this, the communities would first Lain, and have the Hagba come later.
Many Sephardim (See Chida  LDovid Emes 4:2) follow this practice as well.
Some communities seem to follow both practices (See Shut MaHaritz
Dushinsky I:10) and that too, seems acceptable to the Poskim.

        But what is the Mitzva of Yakim Es Divrei Torah? The Michaber
(ibid) notes the importance of helping others see the letters of the Sefer
Torah. Indeed, it is cited in the name of the Mikubalim (See Mishna Berura
134:12) that it is better to see into the letters of the Torah as then one
merits an Ohr Gadol. Ben Ish Chai (II: Toldos 16) adds that if one can
find a letter with the same first letter of his name, it is even better as
this is a good Segulah for success. But how does one make another able to
do this?

        Meseches Sofrim seems to suggest that for this reason we
demonstrate the open Torah to the right, left, forward and behind. This
opinion suggests the Sephardic style Torah (held out in front of people)
or the Ashkenazic Criscross Simchas Torah Hagba. For in this instance the
turn to the right and then left also has the Torah travel always to the
right. In addition, the Sephardic Hagba allows for the carrying of the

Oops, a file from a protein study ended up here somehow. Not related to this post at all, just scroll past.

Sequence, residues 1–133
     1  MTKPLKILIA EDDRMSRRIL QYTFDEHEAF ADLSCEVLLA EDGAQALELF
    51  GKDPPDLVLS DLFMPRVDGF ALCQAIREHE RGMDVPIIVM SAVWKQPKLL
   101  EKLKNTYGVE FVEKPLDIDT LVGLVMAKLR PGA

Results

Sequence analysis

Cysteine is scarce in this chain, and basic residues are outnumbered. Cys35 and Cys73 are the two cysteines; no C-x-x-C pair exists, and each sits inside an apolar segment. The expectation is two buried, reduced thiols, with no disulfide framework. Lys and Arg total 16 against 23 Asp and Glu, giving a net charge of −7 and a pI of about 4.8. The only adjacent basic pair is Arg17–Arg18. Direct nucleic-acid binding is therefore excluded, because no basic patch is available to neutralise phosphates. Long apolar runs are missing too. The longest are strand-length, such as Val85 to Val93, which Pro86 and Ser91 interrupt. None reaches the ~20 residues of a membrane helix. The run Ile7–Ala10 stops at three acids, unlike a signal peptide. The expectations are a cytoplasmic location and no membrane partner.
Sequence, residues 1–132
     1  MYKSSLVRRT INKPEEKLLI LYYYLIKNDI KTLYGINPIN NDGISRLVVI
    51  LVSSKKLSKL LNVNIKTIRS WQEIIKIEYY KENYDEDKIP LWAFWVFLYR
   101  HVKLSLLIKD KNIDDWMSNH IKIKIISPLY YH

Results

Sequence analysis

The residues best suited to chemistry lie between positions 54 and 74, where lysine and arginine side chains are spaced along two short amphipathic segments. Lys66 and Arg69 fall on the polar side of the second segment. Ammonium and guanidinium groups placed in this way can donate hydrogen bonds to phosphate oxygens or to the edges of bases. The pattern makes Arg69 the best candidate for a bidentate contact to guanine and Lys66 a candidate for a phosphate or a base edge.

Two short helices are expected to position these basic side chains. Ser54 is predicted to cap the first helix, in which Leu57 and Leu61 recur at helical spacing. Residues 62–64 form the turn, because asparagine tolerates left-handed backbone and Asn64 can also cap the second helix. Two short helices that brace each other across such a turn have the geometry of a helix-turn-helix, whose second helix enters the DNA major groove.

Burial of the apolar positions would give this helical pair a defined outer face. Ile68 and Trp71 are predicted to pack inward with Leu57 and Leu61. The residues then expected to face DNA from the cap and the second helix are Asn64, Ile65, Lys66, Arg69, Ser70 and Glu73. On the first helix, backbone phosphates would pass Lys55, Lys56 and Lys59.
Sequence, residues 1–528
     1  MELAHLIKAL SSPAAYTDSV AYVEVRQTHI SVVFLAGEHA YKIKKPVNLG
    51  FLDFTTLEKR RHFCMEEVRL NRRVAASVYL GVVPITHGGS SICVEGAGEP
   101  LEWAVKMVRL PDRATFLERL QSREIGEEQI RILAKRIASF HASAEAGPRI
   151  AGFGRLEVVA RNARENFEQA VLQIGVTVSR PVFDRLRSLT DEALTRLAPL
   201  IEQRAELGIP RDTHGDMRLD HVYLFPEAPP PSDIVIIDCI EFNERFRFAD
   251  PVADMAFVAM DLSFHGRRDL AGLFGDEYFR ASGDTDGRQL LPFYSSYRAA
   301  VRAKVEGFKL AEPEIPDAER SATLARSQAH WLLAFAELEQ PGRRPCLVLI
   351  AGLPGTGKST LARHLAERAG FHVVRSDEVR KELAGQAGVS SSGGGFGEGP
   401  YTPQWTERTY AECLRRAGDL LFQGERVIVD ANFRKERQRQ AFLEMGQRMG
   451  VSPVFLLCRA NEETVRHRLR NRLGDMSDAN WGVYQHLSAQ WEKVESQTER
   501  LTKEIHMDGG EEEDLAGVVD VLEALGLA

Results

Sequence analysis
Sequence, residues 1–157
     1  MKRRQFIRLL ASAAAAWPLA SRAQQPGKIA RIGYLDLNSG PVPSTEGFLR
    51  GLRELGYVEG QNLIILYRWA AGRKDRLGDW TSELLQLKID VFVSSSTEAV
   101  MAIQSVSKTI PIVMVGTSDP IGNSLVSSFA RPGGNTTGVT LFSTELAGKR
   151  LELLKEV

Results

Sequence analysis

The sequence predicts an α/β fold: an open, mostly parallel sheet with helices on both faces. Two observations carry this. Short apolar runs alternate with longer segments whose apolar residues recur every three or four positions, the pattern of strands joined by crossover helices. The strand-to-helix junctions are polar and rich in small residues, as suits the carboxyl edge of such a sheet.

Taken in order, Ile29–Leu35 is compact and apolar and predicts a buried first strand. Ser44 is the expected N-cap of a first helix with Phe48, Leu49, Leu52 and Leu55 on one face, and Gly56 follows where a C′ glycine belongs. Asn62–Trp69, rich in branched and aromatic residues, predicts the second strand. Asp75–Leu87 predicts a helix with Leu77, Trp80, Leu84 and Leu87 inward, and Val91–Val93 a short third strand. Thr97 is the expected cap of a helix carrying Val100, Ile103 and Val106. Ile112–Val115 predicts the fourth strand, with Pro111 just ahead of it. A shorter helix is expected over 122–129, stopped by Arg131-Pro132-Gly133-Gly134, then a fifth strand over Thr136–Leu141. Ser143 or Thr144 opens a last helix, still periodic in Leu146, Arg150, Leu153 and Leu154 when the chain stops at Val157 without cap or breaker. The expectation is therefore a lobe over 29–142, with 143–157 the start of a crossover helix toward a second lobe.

Torah with the Ksav opened in order to allow everyone to see the letters.
Rav Ovadiah Yosef (Shut Yabia Omer VII:16) suggests allowing the open
Torah to transverse the crowd in order for people to see the letters but
not to allow it to transverse the crowd closed, in order to let others
kiss it. However, in conventional Ashkenazic Hagba, the Mishna Berurah
(134:9) suggests we first turn left and have the Torah travel toward the
right in order to guarantee that all turns are to the right. Others (See
Beer Sheva Sotah II; Shut Shibbolei HaLeket IX: 26) suggested turning full
circle to allow everyone to see the Torah. It follows that if the Tzibbur
is all standing on one side then only turning to the crowd is necessary.
However some (Shut BTzel HaChochma V:54) recommend a full circle even in
this case.

        As the Sefer Torah gets to the ends, the Hagba becomes more
difficult. Must Hagba reflect the letters of the Torah that were just
read? The Shaarei Ephraim (Shaar 10:14) seems to suggest that it does not.
He suggests rolling the Torah to a more evenly distributed area for Hagba.
The only concern he raises is for Tircha DTzibbura during the rolling. But
if a potential difficulty might arise, it is better to roll the torah.
This is akin to the times where a Shul might possess but one Torah and
have to Lain from it many times (like Shabbos Rosh Chodesh). In these
cases only one Hagba is done from the location of the last Kriya. However,
the Shulchan HaTahor argues that it is better to demonstrate letters that
were just read if possible.

        In the end, Chazal praise the one who receives Hagba with the
Sachar of all those (ostensibly those who received Aliyos) because it is
he who enables them to read from the Torah. May the merit of Kiyum Hatorah
protect all of us always, individually and together forever more.

Shabbat Shalom